Question 8. What are the barriers to the development and implementation of these various technologies?


11. While many new technologies are being trialled or becoming available there can be huge information gaps between who gets access to them, and the implications for inequalities (educational attainment, gender, income and age) remain under-considered. The latest ONS data shows one in 10 people throughout the UK are non-users of the Internet and that Northern Ireland continues to have the highest proportion of non-users of any UK region (14%). It also shows that digital exclusion increases sharply with age and that over half of non-users were over the age of 75 in 2018, while three quarters of those with zero basic digital skills are aged over 65. It is crucial that older cohorts without basic internet skills are not excluded from new technological services and products being developed which could benefit them and that the most vulnerable groups in society are not disadvantaged further by any widening digital divide.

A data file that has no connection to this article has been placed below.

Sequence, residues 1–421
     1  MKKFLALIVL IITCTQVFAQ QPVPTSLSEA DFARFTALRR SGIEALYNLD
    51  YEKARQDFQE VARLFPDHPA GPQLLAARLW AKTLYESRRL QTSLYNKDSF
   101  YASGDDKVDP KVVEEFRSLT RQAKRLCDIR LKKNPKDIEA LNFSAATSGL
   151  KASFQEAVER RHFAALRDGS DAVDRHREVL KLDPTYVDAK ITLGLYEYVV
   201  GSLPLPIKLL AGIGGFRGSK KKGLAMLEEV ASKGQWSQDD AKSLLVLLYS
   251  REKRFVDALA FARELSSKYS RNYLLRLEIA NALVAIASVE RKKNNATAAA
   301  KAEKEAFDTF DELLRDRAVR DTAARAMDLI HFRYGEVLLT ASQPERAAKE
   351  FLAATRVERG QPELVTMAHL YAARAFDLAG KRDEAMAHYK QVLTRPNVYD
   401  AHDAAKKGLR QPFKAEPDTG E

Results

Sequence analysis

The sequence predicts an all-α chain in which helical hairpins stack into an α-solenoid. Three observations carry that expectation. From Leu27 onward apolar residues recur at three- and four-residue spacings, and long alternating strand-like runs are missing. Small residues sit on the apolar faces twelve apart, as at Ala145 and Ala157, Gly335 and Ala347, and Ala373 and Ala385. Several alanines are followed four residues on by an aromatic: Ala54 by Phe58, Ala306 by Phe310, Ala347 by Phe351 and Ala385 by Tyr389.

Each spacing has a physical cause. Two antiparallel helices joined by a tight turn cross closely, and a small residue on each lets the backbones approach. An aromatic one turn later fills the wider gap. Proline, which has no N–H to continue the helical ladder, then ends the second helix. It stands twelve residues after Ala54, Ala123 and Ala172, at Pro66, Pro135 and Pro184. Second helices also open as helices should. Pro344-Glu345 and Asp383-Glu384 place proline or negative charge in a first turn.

12. Given the socioeconomic divide in healthcare outcomes it is particularly important that assistive technologies are tailored very specifically at those who may not be computer-literate and that special efforts are made to find effective interventions for these cohorts to enable them access the benefits of technological advances. The increased reliance on Internet-provided information or access to services seen in both public and private sector services may isolate those who could benefit most from schemes or initiatives, so provision of information from a range of sources including traditional media or by actively facilitating older people to access digital services developed especially to meet their needs should always be the forefront of product and service design. It is also important that technological solutions do not replace interactions with healthcare professionals which for some older people can be a very important source of human interaction.